- When it comes to acute care needs, not all care sites are viewed equally, according to new data from the University of Pennsylvania Perelman School of Medicine. Urgent care centers and emergency departments (EDs) both yield patient satisfaction, but evidence shows they serve different patient needs.
Through an analysis of online patient reviews left on Yelp, the Penn Med researchers noticed patterns in both urgent care and the ED that yield high patient satisfaction scores. This showed considerable differences between the two care sites, highlighting that the ED and urgent care may be better suited for different patient needs.
The researchers conducted an analysis of over 100,000 Yelp reviews from 1,500 EDs and 5,600 urgent care centers. The team looked at reviews for facilities with both five-star and one-star rankings to determine the commonalities between both high- and low-performers.
Five-star rated EDs tended to deliver better quality care, the researchers found. Top-performing facilities delivered on bedside manner, family and caregiver engagement, and access to care on nights and weekends.
One-star EDs received their rankings because of patient concerns with timeliness of care.
Highly-ranked urgent care centers, on the other hand, were viewed positively for their convenience. Patients rated urgent care centers if they made care easier or if they also ranked highly among a patient’s family and friends.
Conversely, one-star urgent care centers received low marks because of patient apprehensions about quality of care and negative experiences during the patient intake process.
These results may suggest that urgent care facilities and the emergency department are effective for different care needs. While urgent care centers could serve patients with acute but relatively simple care needs, the emergency department may be better for patients with complex issues.
These results also highlight the utility of online reviews. Patients are increasingly looking to online platforms to voice their opinions of different healthcare facilities and share their experiences. The rise in online provider reviews is likely a result of consumers leaving online reviews in other service areas.
And while organizations or providers may have a complex relationship with online reviews, the research team maintains that consulting online reviews will help industry leaders and individual organizations determine paths forward.
“We are seeing more and more that patients are sharing their experiences online, and they’re looking to social media platforms and online communities to help inform their decision-making,” Kevin B. Mahoney, executive vice president and chief administrative officer of the University of Pennsylvania Health System, said in a statement. “Within these review and rating websites lies a trove of decision-making data that we can and should be culling through to help inform how care is delivered, and what matters most to our patients in emergency situations.”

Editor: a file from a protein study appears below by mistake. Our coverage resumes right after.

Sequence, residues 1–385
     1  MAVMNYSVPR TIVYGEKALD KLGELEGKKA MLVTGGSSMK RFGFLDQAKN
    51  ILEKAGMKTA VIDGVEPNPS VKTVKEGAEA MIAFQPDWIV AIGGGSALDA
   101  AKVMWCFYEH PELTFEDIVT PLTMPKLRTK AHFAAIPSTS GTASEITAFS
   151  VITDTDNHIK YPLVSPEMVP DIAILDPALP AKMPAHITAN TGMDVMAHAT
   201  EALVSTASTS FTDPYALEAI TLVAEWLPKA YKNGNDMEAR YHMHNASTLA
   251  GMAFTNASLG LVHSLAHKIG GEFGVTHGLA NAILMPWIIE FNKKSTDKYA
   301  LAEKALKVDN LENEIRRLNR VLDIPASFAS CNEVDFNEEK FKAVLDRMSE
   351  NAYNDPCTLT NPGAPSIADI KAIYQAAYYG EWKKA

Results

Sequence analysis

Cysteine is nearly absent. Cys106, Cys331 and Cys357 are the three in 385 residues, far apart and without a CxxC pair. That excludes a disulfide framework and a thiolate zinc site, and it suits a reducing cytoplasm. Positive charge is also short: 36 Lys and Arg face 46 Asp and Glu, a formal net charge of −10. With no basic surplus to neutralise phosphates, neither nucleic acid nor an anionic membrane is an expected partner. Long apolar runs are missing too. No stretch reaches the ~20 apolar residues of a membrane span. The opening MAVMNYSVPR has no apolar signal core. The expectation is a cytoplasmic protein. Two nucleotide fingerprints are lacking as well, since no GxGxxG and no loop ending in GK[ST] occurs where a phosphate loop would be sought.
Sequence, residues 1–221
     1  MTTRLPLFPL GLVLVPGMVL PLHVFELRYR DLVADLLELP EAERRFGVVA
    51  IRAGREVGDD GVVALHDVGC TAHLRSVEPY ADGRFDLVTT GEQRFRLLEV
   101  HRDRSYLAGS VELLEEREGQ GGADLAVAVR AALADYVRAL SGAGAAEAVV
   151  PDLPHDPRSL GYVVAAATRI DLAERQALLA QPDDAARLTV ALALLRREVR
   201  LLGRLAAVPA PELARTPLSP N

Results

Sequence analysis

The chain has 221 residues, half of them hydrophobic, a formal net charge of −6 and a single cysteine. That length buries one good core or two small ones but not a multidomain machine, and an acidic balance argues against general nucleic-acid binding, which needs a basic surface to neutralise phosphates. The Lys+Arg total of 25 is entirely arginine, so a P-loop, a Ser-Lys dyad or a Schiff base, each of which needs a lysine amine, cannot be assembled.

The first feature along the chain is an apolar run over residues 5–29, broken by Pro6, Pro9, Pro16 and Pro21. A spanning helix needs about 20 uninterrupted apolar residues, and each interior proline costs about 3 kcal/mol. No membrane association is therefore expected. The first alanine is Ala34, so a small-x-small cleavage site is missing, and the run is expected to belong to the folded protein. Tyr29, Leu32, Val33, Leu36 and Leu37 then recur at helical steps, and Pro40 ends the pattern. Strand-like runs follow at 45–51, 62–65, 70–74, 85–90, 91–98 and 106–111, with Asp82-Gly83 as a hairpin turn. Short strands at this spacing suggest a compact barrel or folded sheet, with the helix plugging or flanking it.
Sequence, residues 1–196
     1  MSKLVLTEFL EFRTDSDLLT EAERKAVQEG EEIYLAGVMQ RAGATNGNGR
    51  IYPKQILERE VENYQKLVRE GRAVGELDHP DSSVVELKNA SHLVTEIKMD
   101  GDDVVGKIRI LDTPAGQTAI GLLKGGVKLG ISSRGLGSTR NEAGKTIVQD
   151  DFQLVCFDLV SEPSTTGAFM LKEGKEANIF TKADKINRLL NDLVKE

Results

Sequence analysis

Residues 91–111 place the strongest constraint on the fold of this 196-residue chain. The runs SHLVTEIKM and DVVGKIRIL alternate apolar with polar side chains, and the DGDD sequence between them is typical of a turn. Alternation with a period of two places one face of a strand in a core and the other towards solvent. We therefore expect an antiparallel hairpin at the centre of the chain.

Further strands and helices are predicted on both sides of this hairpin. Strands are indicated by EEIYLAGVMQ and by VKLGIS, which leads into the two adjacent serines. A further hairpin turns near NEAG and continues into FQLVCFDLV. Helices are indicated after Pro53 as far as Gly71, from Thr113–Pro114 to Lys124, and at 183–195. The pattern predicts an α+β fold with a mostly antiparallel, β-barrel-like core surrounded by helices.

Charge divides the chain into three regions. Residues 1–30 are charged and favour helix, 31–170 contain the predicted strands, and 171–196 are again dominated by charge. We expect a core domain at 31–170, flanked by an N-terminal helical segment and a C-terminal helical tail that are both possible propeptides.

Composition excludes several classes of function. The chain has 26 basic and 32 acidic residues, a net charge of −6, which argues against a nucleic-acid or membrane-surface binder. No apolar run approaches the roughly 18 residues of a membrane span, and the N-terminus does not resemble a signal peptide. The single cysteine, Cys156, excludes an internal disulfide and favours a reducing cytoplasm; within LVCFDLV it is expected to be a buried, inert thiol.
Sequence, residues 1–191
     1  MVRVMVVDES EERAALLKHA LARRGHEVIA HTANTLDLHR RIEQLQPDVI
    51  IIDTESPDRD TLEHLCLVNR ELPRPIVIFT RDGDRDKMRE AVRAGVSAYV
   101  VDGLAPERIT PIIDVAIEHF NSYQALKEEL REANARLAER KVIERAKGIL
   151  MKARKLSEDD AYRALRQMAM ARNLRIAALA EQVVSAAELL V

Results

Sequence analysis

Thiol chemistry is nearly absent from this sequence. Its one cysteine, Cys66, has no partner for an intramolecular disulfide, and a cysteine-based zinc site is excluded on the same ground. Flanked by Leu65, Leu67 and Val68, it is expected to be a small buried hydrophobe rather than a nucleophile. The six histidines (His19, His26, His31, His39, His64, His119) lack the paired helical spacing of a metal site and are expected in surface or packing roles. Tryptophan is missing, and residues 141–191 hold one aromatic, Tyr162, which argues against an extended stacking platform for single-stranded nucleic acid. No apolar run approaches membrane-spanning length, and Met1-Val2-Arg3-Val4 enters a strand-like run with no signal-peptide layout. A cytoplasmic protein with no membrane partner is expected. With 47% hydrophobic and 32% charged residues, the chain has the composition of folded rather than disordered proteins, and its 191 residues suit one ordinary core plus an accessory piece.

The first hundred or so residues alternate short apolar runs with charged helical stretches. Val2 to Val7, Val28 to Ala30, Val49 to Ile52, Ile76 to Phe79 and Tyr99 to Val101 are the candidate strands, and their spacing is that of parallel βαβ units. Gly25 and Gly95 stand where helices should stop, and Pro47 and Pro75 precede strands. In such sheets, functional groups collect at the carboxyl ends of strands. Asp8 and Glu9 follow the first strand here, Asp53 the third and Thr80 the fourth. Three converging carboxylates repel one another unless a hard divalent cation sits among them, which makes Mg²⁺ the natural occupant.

These online reviews are especially important in the urgent care setting for which there is no standardized patient satisfaction measure. While hospitals, family medicine, pediatric hospitals, and other care settings have their own unique versions of the CAHPS surveys, no such measure has yet to be develop for urgent care.
Online provider reviews can fill that gap, according to Raina Merchant, MD, director of the Penn Medicine Center for Digital Health and an associate professor of emergency medicine at Penn Med.
“Online reviews provide a rapid way of taking the pulse of how this acute care market is emerging and what consumers look for in these settings” said Merchant. “These platforms can also help us identify new focus areas, in an effort to provide better, more efficient care to patients based on their expressed needs.”
Although the Penn Med researchers suggested that online provider reviews are key for understanding patient experiences and filling in data gaps, other industry professionals are not so convinced.
Providers and organization leaders largely agree that online provider reviews hosted by the hospital or healthcare organization are effective for understanding patient experience. But reviews left on third-party sites, including Yelp or HealthGrades, are not always viewed favorably by providers.
Recent data from the Mayo Clinic showed that providers who receive poor Yelp or other online reviews do not always perform poorly on patient satisfaction surveys.
Additionally, when comparing physicians with poor online reviews with those without poor online reviews, they tend to score lower on factors that are outside of the clinical encounter and the doctor’s control.
However, 2017 research conducted by the Manhattan Institute and funded by the New York State Health Foundation concluded that positive Yelp reviews align with high performance in key quality indicators.
A key consideration with Yelp and other third-party review sites is understanding that reviews come from patients who are on either end of the satisfaction spectrum – meaning patients who are extremely satisfied or those who are extremely dissatisfied.
In order to get reviews from patients with more common healthcare experiences, organizations should consider avenues to make it easier to leave reviews.